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By Simon Danczuk

By Simon Danczuk

Kigali to the Commonwealth

Former MP and now business consultant Simon Danczuk discusses his recent trip to Rwanda for the Commonwealth Heads of Government Meeting Business Forum and what Britain can learn from the African nation.

“It can’t just be about warm words; it has to be about implementation.”

This was Paul Kagame, the Rwandan President, responding to a question from the floor on youth empowerment. Nothing could be nearer to the truth and this head of state knows a thing or two about getting stuff done. He’s turned a developing country from being 80% reliant on international aid, to 20% reliant in less than a couple of decades.

It’s the last week of June and there’s about two thousand of us in Kigali, Rwanda’s capital, for the Commonwealth Heads of Government Meeting (CHOGM) Business Forum.

As the name suggests, prime ministers, presidents, government ministers, diplomats, and civil servants from across all Commonwealth countries come together every two years, in a different member state, to discuss and agree how they can collaborate on improving their population’s lives.

It’s worth noting that the Commonwealth covers a third of humanity, it’s headed up by the United Kingdom’s royal family, and as a nation we play a critical role in making it work effectively. In a post-Brexit Britain, it couldn’t be more important.

And because it attracts all these senior politicians it’s also a conduit for some of the most powerful and entrepreneurial business people. Attending is the senior vice-president of Google, the president and CEO of Mars, the global food company, Gianni Infantino, the president of FIFA (Fédération Internationale de Football Association), Benjamin Fernandes, founder of NALA Money and someone who is clearly going places – to name just a few.

The calibre of conversation is second to none and there’s lots of discussion, not surprisingly considering we’re on the continent, about development in Africa. Yes, the ‘digital divide’ is an issue for millions of Commonwealth residents, and technological poverty is real, but this conglomerate of nations is a vast market, and Africa specifically is where the most ambitious, entrepreneurial, and disruptive developments are taking place.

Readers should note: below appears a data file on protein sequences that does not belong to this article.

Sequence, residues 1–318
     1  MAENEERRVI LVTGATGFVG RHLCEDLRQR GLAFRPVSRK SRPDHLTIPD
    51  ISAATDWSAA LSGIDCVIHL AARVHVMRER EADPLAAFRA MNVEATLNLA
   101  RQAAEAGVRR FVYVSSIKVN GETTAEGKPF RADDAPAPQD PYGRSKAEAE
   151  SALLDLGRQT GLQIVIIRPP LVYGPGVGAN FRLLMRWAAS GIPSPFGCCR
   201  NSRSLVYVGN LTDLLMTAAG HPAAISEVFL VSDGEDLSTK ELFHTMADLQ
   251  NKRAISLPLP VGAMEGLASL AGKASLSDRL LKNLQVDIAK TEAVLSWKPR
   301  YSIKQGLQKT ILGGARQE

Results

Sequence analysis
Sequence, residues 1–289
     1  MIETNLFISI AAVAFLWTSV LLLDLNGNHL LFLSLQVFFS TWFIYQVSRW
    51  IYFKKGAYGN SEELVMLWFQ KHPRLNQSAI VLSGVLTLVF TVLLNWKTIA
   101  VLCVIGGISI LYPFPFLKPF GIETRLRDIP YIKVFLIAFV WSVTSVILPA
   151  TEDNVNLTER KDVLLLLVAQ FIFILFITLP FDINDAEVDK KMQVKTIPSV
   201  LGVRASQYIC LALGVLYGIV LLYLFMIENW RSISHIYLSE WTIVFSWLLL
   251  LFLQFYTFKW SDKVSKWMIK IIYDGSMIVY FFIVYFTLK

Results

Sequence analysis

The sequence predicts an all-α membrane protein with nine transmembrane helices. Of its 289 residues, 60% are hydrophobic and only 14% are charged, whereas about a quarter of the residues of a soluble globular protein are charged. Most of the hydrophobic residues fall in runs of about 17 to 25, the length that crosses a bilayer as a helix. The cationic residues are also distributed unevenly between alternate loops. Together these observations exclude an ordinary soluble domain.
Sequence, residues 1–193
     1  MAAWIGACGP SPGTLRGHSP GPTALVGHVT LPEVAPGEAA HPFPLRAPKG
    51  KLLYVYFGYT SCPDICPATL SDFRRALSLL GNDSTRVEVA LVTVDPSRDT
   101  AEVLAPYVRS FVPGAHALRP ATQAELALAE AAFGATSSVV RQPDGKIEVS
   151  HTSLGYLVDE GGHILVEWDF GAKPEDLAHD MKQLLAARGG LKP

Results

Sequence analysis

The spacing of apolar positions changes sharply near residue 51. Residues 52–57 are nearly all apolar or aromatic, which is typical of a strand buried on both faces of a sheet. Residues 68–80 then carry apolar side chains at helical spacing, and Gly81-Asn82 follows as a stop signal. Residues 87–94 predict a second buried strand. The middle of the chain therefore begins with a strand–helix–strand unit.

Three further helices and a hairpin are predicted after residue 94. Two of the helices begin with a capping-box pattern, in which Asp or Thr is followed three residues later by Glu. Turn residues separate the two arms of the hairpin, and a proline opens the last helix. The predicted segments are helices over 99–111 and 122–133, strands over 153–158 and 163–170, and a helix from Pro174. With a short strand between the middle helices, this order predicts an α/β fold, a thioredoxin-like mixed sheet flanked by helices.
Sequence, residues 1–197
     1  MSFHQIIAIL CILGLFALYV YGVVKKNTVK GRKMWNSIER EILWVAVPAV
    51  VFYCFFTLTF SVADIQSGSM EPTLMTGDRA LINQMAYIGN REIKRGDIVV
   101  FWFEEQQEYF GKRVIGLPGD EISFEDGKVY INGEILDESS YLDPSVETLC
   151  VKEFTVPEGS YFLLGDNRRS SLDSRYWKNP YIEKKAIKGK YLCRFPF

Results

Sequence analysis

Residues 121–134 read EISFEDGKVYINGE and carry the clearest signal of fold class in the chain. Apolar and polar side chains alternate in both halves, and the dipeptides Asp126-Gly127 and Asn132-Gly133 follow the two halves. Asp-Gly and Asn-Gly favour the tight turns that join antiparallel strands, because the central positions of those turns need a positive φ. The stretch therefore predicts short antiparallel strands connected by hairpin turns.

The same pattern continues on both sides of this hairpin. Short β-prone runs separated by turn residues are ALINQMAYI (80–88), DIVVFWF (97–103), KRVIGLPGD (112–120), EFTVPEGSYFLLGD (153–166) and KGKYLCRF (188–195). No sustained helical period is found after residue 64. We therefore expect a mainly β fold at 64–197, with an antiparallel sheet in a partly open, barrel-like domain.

The continent is a test bed for new technologies, skipping over kit and software solutions that people in the west have had to endure. For example, money transfer isn’t being done using plastic debit cards, it’s being done through mobile phones. Financial centres, like the one in Kigali, are sprouting up to service opportunities that are being created and digital currencies are advancing here well ahead of countries like the UK and USA.

With different climate issues, alternative energy and battery capacity development have come to the fore and electric vehicle manufacture is as common as it is elsewhere. Natural resources, minerals, found on the continent are crucial to many of the technological advances that we are all experiencing – this is creating opportunities to harness their advantage.

Nobody would deny that there are still many challenges across the diverse continent that is Africa, but Rwanda is a beacon of what can be achieved in a short time. The discourse from the left in British politics about Rwanda, particularly around sending illegal immigrants there, has been patronising and offensive. The choice of language has been ethnocentric and verging on racist. The reality is that Rwanda is a well governed, modern state which is achieving.

And whilst the UK has spent the last few decades looking to do business within Europe, one can’t help but feel we have been missing opportunities further afield. Now is the time to embrace our Commonwealth position and particularly reignite our interest in sub-Saharan Africa.

Never mind the UK left deriding Rwanda, the truth is we can learn from Paul Kagame. Britain needs a vision for its future, one like Rwanda that embraces patriotism, one that is passionate, ambitious, entrepreneurial, one that is beyond Europe – one that is all about implementation.

Simon Danczuk is a former Member of Parliament and now a business consultant and part-time author. 

Simon Danczuk

Simon Danczuk

Simon Christopher Danczuk is a British author and former Member of Parliament who represented the constituency of Rochdale between 2010 and 2017. He has co-written two books, Smile for the Camera: The Double Life of Cyril Smith and Scandal at Dolphin Square.
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